Gluek Brewing Company Hotel and Saloon, Minneapolis Minnesota

Date added: October 19, 2018 Categories: Minnesota Hotel Commercial

Two of the largest brewing firms in Minneapolis produced beer and ran combination saloons and lodging houses at the turn of the century. Both the Minneapolis Brewing Company and the Gluek Brewing Company controlled the market on Minneapolis' East Side in 1904. Gluek Brewing Company employed sixty men and had an annual output of 75,000 barrels from its Minneapolis brewery at 2002 Marshall Avenue N.E. The much larger Minneapolis Brewing Company employed over 200 men and annually produced 250,000 barrels of beer in Minneapolis.

In addition to its brewing business, Gluek Brewing Company owned retail outlets and held licenses to operate neighborhood bars and lodging houses in Minneapolis, such as the location at 24 Hennepin Avenue. In one type of company operation, Gluek would loan money to retail liquor dealers and take their licenses as security. The building at 24 Hennepin Avenue was erected by Gluek in 1914 to replace the previous building which the company bought in 1905 and operated as the "Bridge Square Hotel" on the upper two floors with a company-run saloon and pool hall on the first floor. An adjacent building to the east at 18-20 Hennepin Avenue was part of the same hotel operation. At the end of 1913, Gluek demolished their old building at 24 Hennepin Avenue and built the subject building, designed by Christopher A. Boehme, in early 1914.

In 1915, the first year of operation after construction, the building at 24 Hennepin Avenue was listed in the city directory as a restaurant with furnished rooms operated by James E. Raftery. The following year, the building was listed as the Seymour Hotel, with Joseph P. Seymour as hotel manager for the Gluek Brewing Company. In 1917, the Seymour Hotel was managed by E. J. Seymour and listed at 18-24 Hennepin Avenue, still using the building to the east as part of the complex. Edward J. Seymour operated United Sanitary Lodging, Inc. in 1919 and managed other lodging houses in downtown Minneapolis, including 213 Nicollet Avenue, 107 South Second Street, and 258 Hennepin Avenue. In the early 1910s when Edward J. Seymour became manager of the Seymour Hotel at 24 Hennepin Avenue, he also owned a 100-room hotel which stretched along Seventh Street for an entire block between North Second Avenue and North Third Avenue on "Market Row." In 1913, Seymour was described as "a well-known Minneapolitan" who, for many years, had been connected with the Seymour Labor Agency and as a "large holder in many business enterprises." Seymour ran a hiring house for day labor and managed several lodging and boarding houses where he found his work force. Gluek Brewing Company kept the men supplied with drink.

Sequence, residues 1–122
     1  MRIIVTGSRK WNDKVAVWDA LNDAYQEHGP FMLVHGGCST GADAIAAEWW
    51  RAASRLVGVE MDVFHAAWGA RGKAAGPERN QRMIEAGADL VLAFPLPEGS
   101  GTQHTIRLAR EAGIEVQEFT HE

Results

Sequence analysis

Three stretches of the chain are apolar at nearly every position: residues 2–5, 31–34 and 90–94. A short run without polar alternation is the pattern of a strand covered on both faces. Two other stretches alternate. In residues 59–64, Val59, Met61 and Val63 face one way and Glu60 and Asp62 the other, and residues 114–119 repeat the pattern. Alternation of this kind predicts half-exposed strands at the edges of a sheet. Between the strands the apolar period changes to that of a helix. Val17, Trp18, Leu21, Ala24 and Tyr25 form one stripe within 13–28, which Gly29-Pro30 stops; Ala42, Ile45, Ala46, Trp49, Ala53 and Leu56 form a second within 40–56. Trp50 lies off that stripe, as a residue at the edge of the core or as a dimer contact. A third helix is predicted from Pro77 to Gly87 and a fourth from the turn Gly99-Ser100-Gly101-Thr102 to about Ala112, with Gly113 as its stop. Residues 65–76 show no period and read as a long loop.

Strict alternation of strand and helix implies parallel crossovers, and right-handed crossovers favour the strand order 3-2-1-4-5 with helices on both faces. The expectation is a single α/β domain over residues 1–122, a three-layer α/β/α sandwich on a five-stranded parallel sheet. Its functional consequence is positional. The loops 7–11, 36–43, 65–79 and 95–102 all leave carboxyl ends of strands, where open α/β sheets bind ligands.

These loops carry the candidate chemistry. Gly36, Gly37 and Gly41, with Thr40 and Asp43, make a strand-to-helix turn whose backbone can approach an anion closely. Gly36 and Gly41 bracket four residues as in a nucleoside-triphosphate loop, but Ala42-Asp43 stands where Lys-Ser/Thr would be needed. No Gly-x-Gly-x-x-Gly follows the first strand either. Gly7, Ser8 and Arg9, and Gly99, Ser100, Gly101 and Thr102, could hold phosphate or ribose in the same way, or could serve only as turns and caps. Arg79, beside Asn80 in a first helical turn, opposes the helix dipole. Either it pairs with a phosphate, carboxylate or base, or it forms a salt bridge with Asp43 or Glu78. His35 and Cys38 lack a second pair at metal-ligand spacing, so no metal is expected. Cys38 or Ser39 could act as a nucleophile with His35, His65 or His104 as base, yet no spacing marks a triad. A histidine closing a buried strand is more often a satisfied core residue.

In 1926, the building at 24 Hennepin Avenue became the Clair Hotel with a bar and restaurant on the first floor. It remained so until around World War II. In 1939, the bar was known as the Marshall Terrace Club. The Gluek Brewing Company held ownership until 1959 when it deeded the property to several members of the Gluek family. These members held title to the property until 1973. Between 1960-64, both the Marshall Terrace Bar and the Marshall Terrace Lunch Room occupied the first floor. In 1965, the first floor was known as The Glass Door Cafe and The Glass Door Tavern. Members of the Bennett Goldberg family owned the building since 1973. In 1975, the two businesses on the first floor were The Twenty-Four On the Avenue Tavern and the Twenty-Four Restaurant. By the late 1970s, the bar was known as "Dirty Flo's" under the management of Steve and Florence Halseth. The last tenant, Club 24 Inc., operated the 24 on the Avenue bar and the upper floors were vacant.

The Gluek Brewing Company built this and other similar buildings in the central business district of Minneapolis as a company-owned saloon on the ground floor with inexpensive lodging on the floors above. This Class B hotel, or flophouse, is reflected in the original architect's plans which show shared lavatories with multiple sinks and stools on the second and third stories with "sleeping compartments" of two sizes: 7'-2" wide or 8'-1" wide lined up on each side of a central corridor.